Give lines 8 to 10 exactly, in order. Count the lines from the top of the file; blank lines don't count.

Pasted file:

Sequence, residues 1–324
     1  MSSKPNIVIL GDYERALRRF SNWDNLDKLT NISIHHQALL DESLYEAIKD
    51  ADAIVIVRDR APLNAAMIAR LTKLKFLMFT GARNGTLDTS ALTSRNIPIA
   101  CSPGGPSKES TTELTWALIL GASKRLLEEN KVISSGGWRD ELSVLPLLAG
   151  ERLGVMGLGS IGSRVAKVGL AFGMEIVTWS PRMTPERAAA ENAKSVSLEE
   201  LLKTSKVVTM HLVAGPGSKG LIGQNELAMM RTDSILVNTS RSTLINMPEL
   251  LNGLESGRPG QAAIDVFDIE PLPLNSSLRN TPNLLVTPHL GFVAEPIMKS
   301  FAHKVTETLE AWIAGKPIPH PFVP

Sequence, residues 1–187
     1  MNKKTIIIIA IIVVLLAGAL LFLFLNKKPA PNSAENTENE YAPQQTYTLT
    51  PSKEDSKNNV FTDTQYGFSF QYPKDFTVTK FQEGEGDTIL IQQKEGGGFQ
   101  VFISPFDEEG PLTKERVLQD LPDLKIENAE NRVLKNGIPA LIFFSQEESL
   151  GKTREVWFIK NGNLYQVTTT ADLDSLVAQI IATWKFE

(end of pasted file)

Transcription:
   301  FAHKVTETLE AWIAGKPIPH PFVP

Sequence, residues 1–187
     1  MNKKTIIIIA IIVVLLAGAL LFLFLNKKPA PNSAENTENE YAPQQTYTLT